Herndon returned to Alabama to organize for the Scottsboro defense and to try and help with the organization of sharecroppers in Camden County, but he was chased out of town by the threats of a lynch mob. When he arrived back in Birmingham he was arrested right off the train. Herndon did not stay long, he was sent to organize for the UC in Atlanta, GA in 1932. When the city announced it was going to drop over 20,000 people from the relief rolls, Herndon sprung into action. He began producing leaflets and organizing marches, all of which brought law enforcement attention. While picking up mail at the post office he was arrested and charged under an 1861 law to prevent slave insurrections; the place where he was staying was raided and all of his pamphlets and books were seized, later to be used against him in court.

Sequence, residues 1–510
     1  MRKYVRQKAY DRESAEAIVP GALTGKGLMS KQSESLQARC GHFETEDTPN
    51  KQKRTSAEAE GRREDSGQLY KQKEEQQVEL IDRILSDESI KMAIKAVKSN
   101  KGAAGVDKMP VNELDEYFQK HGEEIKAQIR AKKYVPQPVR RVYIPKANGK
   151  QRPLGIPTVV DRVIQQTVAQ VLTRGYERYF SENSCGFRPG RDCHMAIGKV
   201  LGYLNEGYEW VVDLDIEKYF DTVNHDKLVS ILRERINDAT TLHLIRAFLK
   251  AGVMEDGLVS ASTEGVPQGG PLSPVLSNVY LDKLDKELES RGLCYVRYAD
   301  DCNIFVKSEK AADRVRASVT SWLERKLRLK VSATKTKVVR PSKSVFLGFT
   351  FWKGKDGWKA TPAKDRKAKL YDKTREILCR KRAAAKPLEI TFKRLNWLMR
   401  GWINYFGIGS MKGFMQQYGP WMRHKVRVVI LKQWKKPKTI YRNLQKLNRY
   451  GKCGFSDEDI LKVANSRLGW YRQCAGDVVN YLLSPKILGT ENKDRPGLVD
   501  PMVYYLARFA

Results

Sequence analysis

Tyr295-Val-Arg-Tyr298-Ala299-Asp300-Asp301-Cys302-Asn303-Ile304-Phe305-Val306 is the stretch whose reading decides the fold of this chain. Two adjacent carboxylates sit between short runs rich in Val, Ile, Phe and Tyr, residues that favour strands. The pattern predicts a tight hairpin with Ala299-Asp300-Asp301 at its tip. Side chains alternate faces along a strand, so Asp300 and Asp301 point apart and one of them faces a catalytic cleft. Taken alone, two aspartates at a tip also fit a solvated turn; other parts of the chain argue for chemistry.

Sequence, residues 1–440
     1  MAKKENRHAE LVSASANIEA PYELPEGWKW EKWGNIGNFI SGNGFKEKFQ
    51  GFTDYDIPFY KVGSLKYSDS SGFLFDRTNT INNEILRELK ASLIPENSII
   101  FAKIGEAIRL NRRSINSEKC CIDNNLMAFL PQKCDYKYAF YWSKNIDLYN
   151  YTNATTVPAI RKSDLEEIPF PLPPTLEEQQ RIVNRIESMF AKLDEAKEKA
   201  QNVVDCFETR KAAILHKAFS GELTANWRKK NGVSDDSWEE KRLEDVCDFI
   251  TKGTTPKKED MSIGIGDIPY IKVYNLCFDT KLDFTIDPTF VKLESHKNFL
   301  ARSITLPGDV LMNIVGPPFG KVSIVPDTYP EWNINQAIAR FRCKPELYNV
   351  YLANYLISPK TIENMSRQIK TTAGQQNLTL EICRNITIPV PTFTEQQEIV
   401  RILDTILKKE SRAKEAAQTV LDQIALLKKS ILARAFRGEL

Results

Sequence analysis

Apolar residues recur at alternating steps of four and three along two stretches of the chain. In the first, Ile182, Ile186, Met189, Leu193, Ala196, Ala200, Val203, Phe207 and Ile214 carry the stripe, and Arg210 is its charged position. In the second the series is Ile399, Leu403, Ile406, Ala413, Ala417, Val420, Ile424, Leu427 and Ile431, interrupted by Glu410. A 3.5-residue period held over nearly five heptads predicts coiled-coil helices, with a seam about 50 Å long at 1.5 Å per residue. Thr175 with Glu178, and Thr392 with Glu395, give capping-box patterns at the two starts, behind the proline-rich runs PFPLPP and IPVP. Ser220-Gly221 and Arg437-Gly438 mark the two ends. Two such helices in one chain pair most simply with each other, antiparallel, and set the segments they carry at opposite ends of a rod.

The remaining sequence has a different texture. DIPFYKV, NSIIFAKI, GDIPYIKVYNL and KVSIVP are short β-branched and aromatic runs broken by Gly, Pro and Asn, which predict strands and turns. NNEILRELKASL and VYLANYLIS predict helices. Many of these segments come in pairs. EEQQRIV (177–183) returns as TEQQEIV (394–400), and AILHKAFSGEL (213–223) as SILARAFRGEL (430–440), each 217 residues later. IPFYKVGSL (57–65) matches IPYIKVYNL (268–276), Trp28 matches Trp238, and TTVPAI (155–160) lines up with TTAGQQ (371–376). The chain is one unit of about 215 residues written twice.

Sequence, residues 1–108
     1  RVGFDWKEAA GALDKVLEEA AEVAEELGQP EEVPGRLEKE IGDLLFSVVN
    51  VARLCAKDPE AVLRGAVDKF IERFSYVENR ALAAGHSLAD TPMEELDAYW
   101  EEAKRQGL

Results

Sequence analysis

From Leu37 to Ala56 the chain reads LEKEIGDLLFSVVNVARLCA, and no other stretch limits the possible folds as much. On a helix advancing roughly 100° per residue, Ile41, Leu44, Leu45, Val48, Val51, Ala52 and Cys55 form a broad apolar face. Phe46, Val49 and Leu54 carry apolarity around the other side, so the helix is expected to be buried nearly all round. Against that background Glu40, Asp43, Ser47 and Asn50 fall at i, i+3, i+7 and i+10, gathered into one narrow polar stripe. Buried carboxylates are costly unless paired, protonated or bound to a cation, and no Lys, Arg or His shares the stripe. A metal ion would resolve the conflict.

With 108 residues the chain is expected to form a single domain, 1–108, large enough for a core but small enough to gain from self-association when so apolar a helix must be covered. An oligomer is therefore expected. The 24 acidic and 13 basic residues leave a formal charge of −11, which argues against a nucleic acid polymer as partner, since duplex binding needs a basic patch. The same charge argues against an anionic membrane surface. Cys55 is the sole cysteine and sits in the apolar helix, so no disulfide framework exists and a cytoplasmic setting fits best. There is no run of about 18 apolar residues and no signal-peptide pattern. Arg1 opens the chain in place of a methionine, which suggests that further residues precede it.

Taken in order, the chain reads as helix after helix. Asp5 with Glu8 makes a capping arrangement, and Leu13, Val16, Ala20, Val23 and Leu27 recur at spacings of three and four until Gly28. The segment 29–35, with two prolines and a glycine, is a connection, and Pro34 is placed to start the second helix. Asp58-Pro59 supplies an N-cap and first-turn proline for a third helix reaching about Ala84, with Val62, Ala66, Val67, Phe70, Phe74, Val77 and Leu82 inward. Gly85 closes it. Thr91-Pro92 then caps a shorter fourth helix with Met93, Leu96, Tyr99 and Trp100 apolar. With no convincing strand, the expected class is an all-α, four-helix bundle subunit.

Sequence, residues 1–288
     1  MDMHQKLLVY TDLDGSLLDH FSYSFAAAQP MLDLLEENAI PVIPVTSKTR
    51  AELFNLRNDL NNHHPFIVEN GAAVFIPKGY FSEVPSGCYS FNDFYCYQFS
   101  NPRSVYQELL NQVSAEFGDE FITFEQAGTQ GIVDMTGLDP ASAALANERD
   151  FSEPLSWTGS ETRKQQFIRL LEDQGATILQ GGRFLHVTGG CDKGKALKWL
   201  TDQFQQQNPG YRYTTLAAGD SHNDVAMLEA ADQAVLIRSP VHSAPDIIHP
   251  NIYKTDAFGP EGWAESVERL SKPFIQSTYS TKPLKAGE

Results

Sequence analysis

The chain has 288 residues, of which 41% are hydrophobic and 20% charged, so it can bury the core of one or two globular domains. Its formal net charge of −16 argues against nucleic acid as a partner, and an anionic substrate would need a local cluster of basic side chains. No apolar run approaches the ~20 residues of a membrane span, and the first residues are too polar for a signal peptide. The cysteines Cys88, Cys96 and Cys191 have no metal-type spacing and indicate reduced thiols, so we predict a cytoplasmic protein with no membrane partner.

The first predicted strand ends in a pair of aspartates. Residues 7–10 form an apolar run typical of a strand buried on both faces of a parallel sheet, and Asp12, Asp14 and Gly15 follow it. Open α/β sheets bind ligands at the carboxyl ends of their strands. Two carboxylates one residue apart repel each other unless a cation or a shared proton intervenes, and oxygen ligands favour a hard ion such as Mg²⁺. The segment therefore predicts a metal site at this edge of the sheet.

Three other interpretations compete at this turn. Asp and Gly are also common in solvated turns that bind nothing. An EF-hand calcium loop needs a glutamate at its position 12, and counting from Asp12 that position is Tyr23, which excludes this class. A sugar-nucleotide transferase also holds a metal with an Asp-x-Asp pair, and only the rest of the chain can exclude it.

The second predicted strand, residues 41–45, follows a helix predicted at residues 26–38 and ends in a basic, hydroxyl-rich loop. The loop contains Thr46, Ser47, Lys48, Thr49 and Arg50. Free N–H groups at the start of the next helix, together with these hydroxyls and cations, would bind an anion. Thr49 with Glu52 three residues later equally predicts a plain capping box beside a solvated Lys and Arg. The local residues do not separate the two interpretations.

Herndon described his subsequent imprisonment, trials, and conviction as being “crucified by capitalist law and order.” He was held incommunicado until a fellow inmate smuggled out a letter to the International Labor Defense, an organization devoted to defending workers. It was this arrest that prompted Herndon to write Let Me Live; in it he described his months in solitary, then on death row, the “kangaroo court” trial in which the prosecutor went into a “lynch frenzy,” and his conviction and sentence of 18-20 years on a chain gang, a death by labor sentence. This arrest would make Angelo Herndon a household name for radicals raising awareness about the dangers of the police state and its concerted efforts to quash social justice. All told, Herndon would spend two and a half years in jail while his appeals were heard. After the CPUSA mobilized a global defense around Herndon, the charges would eventually be dropped, and he would be free. He later described his imprisonment as an “apprenticeship in the revolutionary struggle.”